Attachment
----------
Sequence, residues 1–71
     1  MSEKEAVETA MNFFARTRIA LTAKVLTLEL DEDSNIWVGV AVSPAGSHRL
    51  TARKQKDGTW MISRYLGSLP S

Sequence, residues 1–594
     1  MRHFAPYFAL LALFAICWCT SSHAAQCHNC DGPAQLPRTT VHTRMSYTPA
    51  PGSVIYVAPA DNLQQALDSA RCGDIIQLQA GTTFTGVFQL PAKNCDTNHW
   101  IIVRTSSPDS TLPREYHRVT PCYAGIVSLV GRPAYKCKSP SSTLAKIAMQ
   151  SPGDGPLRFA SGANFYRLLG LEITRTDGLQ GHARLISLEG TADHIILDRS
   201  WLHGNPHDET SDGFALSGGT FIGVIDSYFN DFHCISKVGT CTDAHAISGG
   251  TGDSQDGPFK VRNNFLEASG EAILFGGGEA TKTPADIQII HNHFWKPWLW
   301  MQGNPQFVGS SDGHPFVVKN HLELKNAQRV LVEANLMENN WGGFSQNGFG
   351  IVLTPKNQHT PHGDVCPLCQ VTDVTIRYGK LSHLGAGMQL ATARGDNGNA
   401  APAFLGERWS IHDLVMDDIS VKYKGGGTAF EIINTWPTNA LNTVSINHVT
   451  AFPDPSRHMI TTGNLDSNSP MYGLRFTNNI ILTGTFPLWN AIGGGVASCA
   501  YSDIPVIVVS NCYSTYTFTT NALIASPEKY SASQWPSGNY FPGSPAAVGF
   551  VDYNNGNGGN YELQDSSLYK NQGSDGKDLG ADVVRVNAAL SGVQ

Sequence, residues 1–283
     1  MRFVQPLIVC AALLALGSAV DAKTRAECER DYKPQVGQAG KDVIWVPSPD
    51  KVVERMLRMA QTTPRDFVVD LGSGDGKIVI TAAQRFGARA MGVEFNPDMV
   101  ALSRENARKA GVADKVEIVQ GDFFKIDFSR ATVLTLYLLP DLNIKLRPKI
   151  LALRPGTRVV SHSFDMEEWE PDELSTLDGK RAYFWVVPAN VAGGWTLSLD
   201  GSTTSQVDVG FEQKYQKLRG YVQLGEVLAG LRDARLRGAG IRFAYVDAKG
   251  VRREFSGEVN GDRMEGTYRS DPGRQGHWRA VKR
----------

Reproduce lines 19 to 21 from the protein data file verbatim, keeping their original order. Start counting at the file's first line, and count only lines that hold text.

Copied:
    51  KVVERMLRMA QTTPRDFVVD LGSGDGKIVI TAAQRFGARA MGVEFNPDMV
   101  ALSRENARKA GVADKVEIVQ GDFFKIDFSR ATVLTLYLLP DLNIKLRPKI
   151  LALRPGTRVV SHSFDMEEWE PDELSTLDGK RAYFWVVPAN VAGGWTLSLD